The idea for the Burning Beetle came from other effigies created — a Zozobra in Santa Fe, which represents all the bad things of the year past, and the Burning Man epic in Nevada, which is a symbol to wash away all that plagues participants. 
The plight of the beetles is constantly evolving, which also allows the annual Burning Beetle to change and evolve every year.
After the burning, at about 6 p.m., food — brats and S’mores — will be served at the Custer YMCA, leading up to the crowd favorite Burning Beetle Variety Show at the YMCA. The variety show will feature music and dance acts, as well as an auction, the Black Hills Raptors and other surprises. A small donation is requested for admission to the show.
Those participating in the Burning Beetle Variety Show include the Blues Beetle Brothers, Black Hills Ukulele Orchestra, Lily Fridell and Hanna Kremer, Steve Linde, Luke Anderson, Wolf, Gary Daiss, Lo-Ru West Dance Studio, Hannah Brink, Marianne and Hank Fridell, Steve Thorpe, Lizzie Anderson, Allen Biesman and Hank Fridell,  Kremer and Sarah Keil, Destruction of Youth, Van Arp and the Ramblin' Rangers.
Also after the beetle burns, two Custer businesses will feature live music in addition to serving drinks and food. Steve Gardner will perform at the Naked Winery while Leif Hey-Running will perform at Sage Creek Grille.
There will be a limited number of T-shirts and sweatshirts available at the variety show. Shirts may also be ordered for later delivery.
For more information on the Burning Beetle and the committee, visit http://the or 

Come Saturday, Pageant Hill will be filled with flame, fireworks and fun, proving that those Mountain Pine Beetles don’t stand a chance. 

The third annual Bark Beetle Blues, presented by the Custer Area Arts Council and the Bark Beetle Blues Committee, will be held Saturday, Jan. 16, and is sponsored by Sage Creek Grille, Naked Winery and the Custer VFW Post 3442.


Thursday, January 7th, 2016

Hiltunens thankful for support
Published: Thursday, January 7th, 2016

What started as a quiet evening at home the night of Friday, Dec. 18, for Mike and Heather Hiltunen soon took a turn for the worse with one simple phone call. 

“We were just in disbelief,” Mike said about the phone call alerting him that his business, Custer County Market, was on fire. “It’s something that you just can’t believe.”

“We weren’t sure if it was real or not,” Heather added.

Thursday, January 7th, 2016

Simianer fired
Published: Thursday, January 7th, 2016

The City of Custer is without a planning director again for the time being after the council formally fired former director Scott Simianer at a special meeting Dec. 30 held in executive session at the Custer Volunteer Fire Department Hall.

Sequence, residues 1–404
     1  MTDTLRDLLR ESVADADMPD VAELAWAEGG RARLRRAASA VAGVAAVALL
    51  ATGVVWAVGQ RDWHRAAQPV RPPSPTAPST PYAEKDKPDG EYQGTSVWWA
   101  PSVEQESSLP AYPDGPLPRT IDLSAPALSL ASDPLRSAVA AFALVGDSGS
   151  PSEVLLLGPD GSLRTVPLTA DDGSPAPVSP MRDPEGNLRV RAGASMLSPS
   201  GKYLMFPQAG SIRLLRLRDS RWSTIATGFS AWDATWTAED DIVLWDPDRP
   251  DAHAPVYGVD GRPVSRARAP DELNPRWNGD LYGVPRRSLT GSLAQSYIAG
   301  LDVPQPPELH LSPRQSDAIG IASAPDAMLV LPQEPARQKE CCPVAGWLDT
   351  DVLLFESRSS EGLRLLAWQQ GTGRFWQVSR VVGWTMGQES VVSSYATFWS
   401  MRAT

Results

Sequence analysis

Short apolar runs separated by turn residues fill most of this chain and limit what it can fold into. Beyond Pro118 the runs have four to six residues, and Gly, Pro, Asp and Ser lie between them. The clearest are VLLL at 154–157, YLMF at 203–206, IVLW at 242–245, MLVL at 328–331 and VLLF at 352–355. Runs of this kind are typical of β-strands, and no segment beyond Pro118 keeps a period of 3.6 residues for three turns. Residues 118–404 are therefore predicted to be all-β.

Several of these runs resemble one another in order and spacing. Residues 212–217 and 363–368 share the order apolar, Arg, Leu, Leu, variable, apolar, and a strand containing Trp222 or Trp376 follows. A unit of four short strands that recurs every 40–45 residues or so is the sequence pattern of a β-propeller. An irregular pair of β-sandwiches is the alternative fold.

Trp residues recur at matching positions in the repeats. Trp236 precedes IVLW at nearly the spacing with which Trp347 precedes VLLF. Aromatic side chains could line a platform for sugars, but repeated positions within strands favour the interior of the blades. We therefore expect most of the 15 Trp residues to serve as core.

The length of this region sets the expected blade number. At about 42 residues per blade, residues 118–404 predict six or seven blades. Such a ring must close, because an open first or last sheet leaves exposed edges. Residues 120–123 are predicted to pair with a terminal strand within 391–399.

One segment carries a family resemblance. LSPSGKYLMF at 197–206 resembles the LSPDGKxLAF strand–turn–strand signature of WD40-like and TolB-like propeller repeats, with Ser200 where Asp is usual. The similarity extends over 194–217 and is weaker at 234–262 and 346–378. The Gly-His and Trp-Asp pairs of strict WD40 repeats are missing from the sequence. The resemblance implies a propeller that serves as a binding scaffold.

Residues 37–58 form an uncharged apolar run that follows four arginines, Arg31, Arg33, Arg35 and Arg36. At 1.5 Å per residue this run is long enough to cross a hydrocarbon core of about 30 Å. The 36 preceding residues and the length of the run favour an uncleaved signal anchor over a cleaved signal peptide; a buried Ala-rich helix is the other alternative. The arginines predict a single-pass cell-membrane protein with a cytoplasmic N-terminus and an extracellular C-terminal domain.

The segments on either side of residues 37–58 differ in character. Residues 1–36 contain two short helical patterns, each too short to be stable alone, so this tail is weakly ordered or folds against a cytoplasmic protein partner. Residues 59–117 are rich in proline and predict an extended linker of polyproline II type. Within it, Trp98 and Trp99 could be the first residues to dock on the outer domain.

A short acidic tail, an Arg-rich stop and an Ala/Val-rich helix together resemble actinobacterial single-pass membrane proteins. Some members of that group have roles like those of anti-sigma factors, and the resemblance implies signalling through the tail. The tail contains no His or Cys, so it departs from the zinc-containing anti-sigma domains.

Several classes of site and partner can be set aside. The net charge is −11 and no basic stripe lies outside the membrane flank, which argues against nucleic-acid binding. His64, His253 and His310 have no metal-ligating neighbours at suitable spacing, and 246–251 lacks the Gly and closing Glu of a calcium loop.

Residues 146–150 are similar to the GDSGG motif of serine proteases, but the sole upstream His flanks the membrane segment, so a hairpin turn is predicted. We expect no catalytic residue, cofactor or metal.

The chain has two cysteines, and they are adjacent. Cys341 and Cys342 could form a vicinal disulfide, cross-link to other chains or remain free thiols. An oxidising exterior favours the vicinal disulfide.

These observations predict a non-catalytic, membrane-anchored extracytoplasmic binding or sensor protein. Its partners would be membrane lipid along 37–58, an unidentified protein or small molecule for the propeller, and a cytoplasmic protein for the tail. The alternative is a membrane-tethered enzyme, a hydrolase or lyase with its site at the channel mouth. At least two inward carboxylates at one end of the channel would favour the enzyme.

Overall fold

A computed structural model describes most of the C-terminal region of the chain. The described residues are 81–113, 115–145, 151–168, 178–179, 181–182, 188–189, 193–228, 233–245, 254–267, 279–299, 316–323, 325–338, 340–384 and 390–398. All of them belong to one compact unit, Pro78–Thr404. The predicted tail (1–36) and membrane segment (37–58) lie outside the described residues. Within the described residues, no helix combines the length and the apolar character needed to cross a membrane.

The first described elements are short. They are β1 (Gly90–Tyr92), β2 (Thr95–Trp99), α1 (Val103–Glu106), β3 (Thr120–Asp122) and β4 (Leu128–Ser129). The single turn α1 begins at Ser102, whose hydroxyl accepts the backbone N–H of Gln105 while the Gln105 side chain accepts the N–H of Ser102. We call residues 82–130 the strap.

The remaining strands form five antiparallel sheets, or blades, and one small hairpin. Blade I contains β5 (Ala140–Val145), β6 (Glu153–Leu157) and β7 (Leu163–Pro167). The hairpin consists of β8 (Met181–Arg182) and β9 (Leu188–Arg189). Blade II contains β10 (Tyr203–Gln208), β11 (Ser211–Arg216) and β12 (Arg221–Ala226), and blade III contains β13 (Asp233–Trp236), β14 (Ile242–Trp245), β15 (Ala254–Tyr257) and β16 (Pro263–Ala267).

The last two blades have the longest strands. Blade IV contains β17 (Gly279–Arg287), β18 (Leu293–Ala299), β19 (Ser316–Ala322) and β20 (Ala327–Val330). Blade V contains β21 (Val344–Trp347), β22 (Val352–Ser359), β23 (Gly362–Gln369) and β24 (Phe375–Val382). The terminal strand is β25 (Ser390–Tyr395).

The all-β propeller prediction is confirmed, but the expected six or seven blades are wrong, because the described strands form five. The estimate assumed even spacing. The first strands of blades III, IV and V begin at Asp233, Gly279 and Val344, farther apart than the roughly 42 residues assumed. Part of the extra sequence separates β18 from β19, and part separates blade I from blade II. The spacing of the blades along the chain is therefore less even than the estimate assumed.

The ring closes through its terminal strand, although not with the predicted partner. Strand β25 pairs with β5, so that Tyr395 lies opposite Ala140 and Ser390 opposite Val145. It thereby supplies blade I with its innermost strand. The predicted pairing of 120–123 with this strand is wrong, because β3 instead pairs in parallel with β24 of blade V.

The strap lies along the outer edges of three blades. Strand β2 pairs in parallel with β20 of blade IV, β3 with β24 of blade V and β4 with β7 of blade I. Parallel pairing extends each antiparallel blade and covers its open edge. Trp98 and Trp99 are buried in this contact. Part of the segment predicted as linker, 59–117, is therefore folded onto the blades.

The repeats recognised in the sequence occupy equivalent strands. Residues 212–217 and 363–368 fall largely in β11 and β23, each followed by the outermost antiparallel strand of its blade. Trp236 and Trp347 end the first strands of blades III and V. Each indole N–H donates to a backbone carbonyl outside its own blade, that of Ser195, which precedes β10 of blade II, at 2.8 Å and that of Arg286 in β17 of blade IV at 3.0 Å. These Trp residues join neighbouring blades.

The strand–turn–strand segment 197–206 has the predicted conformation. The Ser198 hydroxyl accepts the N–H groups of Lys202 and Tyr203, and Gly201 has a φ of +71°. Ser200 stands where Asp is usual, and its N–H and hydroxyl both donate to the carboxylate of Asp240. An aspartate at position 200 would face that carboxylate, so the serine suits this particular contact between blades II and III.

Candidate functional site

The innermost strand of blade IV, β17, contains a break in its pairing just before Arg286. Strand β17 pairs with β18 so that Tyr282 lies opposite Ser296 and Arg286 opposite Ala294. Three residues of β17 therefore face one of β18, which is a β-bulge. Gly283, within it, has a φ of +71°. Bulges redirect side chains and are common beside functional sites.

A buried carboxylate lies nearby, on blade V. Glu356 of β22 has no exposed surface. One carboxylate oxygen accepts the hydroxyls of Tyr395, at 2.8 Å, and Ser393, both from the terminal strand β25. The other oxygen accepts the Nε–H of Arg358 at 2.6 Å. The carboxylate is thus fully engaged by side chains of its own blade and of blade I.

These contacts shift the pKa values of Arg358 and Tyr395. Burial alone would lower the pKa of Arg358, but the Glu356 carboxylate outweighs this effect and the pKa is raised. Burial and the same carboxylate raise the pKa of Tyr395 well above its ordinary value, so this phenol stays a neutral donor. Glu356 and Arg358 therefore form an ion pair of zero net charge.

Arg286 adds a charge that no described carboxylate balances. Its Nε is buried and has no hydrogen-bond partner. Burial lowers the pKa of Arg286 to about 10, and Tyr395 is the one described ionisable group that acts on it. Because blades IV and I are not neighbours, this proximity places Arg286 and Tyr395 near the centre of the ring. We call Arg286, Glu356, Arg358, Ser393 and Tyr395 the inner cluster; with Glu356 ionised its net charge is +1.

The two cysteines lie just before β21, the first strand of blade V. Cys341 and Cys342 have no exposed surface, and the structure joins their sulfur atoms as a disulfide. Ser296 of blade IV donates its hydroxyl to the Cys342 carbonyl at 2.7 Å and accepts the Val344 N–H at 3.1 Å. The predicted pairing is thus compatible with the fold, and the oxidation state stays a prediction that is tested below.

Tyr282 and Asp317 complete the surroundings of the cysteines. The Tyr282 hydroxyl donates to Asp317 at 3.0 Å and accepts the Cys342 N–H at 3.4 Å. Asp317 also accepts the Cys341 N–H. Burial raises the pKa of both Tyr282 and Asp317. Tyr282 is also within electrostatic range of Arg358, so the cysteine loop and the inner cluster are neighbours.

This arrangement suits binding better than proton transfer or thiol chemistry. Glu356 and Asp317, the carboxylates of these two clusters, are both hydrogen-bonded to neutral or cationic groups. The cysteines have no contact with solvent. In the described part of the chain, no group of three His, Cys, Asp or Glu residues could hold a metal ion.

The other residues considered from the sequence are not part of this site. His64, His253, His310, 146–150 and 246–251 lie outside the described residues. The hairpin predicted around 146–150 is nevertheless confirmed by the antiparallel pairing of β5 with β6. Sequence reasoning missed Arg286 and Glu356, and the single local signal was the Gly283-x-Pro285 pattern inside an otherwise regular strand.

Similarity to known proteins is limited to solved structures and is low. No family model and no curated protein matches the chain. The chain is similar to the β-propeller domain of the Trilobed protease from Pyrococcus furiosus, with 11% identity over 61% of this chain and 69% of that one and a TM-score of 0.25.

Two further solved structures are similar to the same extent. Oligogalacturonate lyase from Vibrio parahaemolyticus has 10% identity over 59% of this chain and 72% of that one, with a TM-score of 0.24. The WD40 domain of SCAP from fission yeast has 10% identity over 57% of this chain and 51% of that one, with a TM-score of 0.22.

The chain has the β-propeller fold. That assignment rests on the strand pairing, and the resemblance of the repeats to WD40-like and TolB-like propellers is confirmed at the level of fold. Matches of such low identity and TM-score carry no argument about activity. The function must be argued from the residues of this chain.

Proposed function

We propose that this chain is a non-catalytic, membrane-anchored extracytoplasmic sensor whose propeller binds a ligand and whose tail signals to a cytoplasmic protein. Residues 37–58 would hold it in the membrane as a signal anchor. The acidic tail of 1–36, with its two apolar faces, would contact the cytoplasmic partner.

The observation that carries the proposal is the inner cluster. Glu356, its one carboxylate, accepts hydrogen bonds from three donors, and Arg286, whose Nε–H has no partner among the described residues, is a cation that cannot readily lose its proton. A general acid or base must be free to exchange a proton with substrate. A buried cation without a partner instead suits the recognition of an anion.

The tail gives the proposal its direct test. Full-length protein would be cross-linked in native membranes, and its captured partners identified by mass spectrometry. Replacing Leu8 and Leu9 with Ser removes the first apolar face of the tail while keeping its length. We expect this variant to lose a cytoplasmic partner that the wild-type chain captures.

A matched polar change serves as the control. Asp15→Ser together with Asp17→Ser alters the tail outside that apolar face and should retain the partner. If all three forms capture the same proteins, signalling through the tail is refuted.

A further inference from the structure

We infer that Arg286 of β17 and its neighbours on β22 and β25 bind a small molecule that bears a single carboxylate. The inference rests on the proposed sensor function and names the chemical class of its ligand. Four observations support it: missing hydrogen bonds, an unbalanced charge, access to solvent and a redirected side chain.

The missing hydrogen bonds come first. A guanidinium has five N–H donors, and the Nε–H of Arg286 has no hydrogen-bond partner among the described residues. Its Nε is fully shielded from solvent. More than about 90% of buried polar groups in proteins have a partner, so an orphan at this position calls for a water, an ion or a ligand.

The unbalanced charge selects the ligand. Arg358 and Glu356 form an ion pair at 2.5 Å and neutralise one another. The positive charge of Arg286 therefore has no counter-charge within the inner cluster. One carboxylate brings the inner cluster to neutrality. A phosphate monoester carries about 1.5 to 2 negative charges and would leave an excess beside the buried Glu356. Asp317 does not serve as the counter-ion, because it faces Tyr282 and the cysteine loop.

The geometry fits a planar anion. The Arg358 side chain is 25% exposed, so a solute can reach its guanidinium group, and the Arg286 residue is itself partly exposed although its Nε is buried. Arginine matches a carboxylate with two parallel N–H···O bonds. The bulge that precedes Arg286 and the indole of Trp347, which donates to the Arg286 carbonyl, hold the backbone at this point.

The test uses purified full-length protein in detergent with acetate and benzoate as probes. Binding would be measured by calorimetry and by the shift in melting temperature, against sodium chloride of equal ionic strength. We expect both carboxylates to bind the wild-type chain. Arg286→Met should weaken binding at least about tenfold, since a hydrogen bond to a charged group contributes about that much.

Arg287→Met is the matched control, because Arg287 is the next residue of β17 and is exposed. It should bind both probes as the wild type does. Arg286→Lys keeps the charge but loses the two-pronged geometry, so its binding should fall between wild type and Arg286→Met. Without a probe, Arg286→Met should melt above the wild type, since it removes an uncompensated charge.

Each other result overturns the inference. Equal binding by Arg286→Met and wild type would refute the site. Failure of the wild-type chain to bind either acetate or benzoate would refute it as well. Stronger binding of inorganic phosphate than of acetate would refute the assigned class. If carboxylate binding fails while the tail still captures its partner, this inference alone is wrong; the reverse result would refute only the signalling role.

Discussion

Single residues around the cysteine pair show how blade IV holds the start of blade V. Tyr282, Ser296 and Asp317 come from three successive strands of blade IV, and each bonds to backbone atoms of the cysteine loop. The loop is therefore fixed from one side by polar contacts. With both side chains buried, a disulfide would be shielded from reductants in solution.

City finance officer Laurie Woodward said when the council emerged from the executive session, a motion was made to acknowledge a letter from Mayor Jared Carson terminating Simianer effective Dec. 30, pending any appeals. 

Thursday, January 7th, 2016

Arp is Citizen of the Year
Published: Thursday, January 7th, 2016

Family man. God’s disciple. Community enthusiast. Music lover.

Those are just a few words that describe the driving passions of Van Arp as he continues his mission to give back to the town he calls home.

“One of Van’s favorite quotes is, ‘Preach the gospel; use words if necessary’ (by Saint Francis of Assisi). Your actions should speak louder than anything you say,” said Rose Arp, Van’s wife. “Van wants to bring it all to the Lord. Being involved in the community — it seems cliché, but it’s true — is a tangible way to show God’s love. Van truly invests in people’s lives.”

Thursday, December 31st, 2015

Don’t get burned by winter home fires
Published: Thursday, December 31st, 2015

With a chill in the air and snow piles on the ground, it’s clear to see winter is here. And with winter comes the increased risk for home fires, with December through March as peak months. 

One of the leading causes for home fires during the winter months is heating equipment — chimneys and wood stoves, propane, electric, space heaters, etc. But according to Bill Bell, first assistant fire chief with the Custer Volunteer Fire Department, the potential for fires can be lessened with annual routine maintenance.

STAR�Academy to cut...
Published: Thursday, December 31st, 2015

The State Treatment Rehabilitation (STAR) Academy south of Custer is set to lay off 44 percent of its full-time positions beginning the state’s next fiscal year July 1.

Jeff Haier, STAR Academy superintendent, said STAR’s budget request for fiscal year 2017 will see the elimination of 47.7 Full Time Employees (FTE), from the 108 FTEs that are currently available at the academy.  The request is part of the larger South Dakota Department of Corrections (DOC) request that must now meet both legislative and Gov. Dennis Daugaard’s approval as the legislature convenes in January.

City planner facing child sex, porn charges
Published: Thursday, December 31st, 2015

City of Custer planning administrator Scott Simianer is being held in the Pennington County Jail after being charged with eight felonies, including first degree rape of a minor.